The economic shutdown associated with the COVID-19 pandemic witnessed a surge in drawdowns on pre-existing credit lines. This paper examines how this liquidity was used by firms. Drawdowns were associated with an immediate accumulation of liquid assets followed by a depletion of this liquidity as the U.S. economy stabilized after the spring of 2020. Drawdowns were generally not associated with greater levels of physical investment or employment either immediately after the drawdowns or several months later. Rather, the depletion of liquidity is simultaneous with an increase in the equity to assets ratio, consistent with repayments of the drawdowns. These facts are consistent with the idea that firms drew down their credit lines due to a precautionary motive to mitigate future liquidity risk until the economy started to stabilize. However, we find evidence that firms in industries that were less affected by the shutdown, such as professional services that can be performed remotely, were relatively more likely to use drawdowns to maintain investment rather than accumulate liquidity. On the intensive margin, this is especially true for firms in such industries that drew a relatively small amount of funds.
Bosshardt, J and A Kakhbod (eds) (2021), “Why did Firms Draw Down their Credit Lines during the COVID-19 Shutdown?”, COVID Economics N/A. https://cepr.org/node/390768
The outbreak of the Covid-19 pandemic massively increased uncertainty about firms’ cash flows and access to financial markets. We examine its effect on firms’ strategies for preserving cash by suspending dividends and share repurchase programs and raising new funds through bond and equity issues. Our estimates suggest that between March and December 2020 US firms saved a combined $86bn by suspending or reducing dividend payments and another $140bn from suspending buybacks. We identify a short list of firm and stock characteristics that explain most of the cross-sectional variation in firms’ payout and financing decisions. We show that the expansive monetary policies pursued by the Federal Reserve in the early phase of the pandemic crucially affected the timing and sequencing of firms’ decisions. Announcement effects on stock returns were highly unusual during the pandemic as dividend and buyback suspensions were associated with a more rapid recovery in firms’ stock prices, consistent with investors interpreting them as prudent actions that helped reduce risks.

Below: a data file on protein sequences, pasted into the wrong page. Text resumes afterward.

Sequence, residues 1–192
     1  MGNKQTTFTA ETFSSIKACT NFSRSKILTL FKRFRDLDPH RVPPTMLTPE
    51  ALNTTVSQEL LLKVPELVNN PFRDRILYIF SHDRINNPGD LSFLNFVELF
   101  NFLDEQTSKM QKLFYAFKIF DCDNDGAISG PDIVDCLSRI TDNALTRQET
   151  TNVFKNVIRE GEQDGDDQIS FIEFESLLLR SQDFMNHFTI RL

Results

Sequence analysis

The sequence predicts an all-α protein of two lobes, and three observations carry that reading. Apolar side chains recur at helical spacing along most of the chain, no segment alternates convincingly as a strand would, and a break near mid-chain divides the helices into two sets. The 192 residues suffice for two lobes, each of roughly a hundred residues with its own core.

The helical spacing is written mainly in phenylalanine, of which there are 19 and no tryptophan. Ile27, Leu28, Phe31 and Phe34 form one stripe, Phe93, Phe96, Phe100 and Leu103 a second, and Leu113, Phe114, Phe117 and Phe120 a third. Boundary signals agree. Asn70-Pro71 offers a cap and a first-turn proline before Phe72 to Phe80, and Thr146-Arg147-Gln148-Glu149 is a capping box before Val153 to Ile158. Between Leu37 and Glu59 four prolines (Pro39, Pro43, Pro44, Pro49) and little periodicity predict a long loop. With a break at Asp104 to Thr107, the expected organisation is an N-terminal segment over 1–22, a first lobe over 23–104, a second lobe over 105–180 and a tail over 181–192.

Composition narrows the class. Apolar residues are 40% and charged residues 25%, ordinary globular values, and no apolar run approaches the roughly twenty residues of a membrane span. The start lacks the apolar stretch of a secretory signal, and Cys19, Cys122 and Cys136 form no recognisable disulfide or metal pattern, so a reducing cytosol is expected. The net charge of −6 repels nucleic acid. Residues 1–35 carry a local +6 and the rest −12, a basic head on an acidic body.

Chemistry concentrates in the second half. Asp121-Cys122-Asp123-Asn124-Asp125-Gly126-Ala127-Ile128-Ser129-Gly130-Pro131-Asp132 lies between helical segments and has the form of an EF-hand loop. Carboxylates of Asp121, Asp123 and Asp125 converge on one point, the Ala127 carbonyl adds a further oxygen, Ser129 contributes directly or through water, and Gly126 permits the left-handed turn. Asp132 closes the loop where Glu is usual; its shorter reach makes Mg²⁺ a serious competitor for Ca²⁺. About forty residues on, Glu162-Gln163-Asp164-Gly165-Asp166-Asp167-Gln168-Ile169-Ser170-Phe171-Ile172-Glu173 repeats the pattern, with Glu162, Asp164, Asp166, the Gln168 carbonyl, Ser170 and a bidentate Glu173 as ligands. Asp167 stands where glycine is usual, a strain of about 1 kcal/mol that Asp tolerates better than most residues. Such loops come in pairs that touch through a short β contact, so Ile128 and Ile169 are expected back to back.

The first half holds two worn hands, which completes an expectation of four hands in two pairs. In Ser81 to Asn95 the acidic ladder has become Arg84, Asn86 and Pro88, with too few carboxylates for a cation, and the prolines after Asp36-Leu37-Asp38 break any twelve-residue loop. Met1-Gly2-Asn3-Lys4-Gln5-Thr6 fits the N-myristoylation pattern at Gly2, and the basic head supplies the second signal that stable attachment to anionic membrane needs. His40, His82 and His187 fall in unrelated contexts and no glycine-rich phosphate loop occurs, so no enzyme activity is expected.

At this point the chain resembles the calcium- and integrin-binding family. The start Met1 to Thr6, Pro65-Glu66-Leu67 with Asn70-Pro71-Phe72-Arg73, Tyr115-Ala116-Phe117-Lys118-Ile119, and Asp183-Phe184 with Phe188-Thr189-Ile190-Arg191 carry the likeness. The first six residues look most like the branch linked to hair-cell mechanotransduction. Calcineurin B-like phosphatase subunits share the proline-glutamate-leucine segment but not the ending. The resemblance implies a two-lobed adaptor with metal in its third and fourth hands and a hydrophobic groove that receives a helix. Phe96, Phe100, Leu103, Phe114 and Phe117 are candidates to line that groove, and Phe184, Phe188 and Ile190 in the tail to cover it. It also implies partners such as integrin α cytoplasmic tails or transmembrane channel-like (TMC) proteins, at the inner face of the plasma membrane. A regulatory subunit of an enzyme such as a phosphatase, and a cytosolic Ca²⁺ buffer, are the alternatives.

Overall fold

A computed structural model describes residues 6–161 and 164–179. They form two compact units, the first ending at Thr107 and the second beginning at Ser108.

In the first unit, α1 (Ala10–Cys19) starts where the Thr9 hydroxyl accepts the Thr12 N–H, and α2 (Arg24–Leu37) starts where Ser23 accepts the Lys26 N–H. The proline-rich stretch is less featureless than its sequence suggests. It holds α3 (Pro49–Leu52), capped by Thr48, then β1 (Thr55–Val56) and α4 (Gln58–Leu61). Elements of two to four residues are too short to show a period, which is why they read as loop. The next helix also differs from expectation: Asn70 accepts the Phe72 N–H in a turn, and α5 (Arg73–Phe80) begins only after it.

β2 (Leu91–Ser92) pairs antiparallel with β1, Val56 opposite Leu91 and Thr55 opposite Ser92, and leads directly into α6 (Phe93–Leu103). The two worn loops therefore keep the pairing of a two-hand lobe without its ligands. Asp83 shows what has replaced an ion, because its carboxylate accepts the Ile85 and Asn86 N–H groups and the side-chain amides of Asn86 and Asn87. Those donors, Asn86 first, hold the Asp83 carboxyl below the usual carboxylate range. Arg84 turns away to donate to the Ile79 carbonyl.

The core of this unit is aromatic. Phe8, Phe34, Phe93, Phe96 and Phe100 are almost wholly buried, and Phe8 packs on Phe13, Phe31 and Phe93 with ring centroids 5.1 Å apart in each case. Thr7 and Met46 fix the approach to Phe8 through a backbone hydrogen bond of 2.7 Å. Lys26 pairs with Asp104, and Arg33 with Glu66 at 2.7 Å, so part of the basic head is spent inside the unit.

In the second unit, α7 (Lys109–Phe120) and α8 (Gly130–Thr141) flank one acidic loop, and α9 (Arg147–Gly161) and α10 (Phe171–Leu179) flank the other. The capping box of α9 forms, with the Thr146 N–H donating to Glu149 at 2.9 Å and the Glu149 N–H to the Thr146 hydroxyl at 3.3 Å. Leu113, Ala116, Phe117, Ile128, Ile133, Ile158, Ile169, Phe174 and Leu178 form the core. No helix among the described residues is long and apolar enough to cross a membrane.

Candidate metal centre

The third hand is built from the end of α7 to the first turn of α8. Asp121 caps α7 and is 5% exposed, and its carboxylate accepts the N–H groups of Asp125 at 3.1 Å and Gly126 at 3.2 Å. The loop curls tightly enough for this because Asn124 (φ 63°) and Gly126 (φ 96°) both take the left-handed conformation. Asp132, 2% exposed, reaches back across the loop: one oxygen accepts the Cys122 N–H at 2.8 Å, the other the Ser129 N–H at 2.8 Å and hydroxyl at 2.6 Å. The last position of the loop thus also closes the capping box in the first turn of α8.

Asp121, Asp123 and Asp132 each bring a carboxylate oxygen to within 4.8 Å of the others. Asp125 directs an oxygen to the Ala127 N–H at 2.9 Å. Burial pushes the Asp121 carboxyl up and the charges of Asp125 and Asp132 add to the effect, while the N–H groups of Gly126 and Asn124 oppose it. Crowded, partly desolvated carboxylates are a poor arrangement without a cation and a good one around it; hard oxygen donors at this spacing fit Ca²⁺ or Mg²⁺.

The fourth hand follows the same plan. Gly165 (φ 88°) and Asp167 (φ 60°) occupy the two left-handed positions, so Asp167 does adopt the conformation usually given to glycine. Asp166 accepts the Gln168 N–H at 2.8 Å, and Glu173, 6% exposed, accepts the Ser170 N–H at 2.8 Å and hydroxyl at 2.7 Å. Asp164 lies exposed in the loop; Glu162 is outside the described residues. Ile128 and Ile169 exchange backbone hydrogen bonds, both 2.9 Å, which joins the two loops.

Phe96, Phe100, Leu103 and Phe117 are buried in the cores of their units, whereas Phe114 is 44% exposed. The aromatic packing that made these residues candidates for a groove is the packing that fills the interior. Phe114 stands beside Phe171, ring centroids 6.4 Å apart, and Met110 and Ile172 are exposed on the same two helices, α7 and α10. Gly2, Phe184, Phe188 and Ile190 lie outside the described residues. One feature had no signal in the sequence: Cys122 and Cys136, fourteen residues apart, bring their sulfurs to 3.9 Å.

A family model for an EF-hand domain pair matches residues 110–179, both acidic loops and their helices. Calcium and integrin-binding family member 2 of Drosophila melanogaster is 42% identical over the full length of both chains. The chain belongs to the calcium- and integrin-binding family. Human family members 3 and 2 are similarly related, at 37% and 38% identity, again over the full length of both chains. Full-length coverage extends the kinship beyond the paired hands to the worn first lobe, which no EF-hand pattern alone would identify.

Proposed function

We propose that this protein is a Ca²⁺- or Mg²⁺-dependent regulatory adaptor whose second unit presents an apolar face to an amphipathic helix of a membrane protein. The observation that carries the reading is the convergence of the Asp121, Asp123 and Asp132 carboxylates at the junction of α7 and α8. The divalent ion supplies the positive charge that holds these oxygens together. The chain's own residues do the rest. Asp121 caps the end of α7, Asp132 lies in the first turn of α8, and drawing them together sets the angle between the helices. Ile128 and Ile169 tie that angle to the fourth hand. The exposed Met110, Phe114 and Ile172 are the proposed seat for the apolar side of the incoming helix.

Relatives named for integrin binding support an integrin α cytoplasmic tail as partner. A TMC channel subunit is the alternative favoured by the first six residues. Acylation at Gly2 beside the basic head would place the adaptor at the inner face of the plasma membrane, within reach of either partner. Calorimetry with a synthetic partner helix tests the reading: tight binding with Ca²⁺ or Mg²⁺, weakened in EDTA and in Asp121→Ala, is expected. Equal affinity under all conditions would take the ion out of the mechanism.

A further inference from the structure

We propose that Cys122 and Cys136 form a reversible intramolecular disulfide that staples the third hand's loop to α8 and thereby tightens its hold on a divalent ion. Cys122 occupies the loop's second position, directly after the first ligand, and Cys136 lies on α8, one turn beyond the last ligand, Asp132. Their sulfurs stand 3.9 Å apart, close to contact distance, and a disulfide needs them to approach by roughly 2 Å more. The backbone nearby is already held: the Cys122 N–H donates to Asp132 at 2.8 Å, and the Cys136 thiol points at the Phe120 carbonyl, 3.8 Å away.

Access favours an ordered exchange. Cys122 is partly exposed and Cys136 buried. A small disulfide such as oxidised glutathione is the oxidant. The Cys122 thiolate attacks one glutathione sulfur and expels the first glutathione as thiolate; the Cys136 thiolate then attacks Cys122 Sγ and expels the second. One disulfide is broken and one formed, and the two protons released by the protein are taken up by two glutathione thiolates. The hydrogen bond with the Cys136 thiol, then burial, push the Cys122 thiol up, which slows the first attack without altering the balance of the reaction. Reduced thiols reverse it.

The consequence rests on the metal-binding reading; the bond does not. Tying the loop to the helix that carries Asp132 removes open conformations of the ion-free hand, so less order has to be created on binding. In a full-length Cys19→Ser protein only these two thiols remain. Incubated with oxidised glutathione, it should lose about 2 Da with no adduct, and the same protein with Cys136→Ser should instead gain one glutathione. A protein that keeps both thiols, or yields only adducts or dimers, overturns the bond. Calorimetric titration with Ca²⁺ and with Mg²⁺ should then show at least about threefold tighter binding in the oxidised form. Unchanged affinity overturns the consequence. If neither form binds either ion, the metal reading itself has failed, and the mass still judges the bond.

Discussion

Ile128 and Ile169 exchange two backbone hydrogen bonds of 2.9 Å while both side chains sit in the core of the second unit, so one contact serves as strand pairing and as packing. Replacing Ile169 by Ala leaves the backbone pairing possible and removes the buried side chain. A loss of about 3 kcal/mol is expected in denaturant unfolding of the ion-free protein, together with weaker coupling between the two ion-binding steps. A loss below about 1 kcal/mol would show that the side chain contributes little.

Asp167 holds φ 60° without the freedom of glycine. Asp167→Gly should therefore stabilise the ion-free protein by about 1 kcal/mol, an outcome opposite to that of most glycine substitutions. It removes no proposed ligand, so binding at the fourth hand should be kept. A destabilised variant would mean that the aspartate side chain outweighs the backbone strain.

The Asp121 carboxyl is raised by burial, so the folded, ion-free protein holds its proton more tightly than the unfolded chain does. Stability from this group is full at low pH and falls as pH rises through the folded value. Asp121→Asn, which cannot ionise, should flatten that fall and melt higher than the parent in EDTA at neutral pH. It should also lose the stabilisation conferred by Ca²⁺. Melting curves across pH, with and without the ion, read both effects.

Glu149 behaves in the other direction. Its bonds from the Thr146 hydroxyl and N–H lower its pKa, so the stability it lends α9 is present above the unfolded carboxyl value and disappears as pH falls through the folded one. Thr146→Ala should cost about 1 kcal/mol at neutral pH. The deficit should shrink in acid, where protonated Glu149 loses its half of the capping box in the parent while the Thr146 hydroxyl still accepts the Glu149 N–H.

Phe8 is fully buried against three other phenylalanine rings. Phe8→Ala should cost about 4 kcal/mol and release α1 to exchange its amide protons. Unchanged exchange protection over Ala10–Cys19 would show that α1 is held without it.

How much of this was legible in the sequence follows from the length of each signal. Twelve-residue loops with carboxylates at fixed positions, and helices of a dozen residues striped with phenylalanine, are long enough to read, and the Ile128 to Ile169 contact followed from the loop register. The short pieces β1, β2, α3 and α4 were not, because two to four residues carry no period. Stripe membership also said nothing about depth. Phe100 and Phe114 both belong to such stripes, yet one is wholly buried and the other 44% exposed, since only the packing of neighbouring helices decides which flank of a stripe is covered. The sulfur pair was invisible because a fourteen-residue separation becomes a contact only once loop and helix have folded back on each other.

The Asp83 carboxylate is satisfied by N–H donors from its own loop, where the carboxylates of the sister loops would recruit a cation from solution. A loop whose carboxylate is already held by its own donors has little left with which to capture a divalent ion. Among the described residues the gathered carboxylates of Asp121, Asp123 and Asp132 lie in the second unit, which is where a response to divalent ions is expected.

Pettenuzzo, D, R Sabbatucci and H Timmermann (eds) (2021), “Outlasting the pandemic: Corporate payout and financing decisions during Covid-19”, COVID Economics N/A. https://cepr.org/node/408811
This paper assesses the mitigating role of remittances during the adverse COVID-19 employment shock on Nigeria’s food insecurity. Based on pre-COVID-19 and post- COVID-19 surveys, we use a difference-in-difference approach while controlling for time and household fixed effects. Results indicate that remittances are mitigating the negative consequences of COVID-19 employment shocks, especially in the short run. We find that 100% of the deterioration in food insecurity, owing to the shock, is offset by the remittances received. While the adverse effects of the shock persist over time, the mitigation effects of remittances appear to be effective only at the early stages of the pandemic. Furthermore, the mitigation effect of remittances is heterogeneous regarding the origin of remittances, residence area, and poverty status. The mitigation effect of remittances is higher for remittances from abroad than for domestic ones. We also find a higher mitigating effect of remittances in rural areas and for non-poor households. Finally, our results shed light on the capital channel as a crucial mechanism explaining the mitigation effect of remittances. Notably, our findings suggest that formal financial inclusion, capital ownership like livestock or rental earnings, amplifies the attenuating effect of remittances.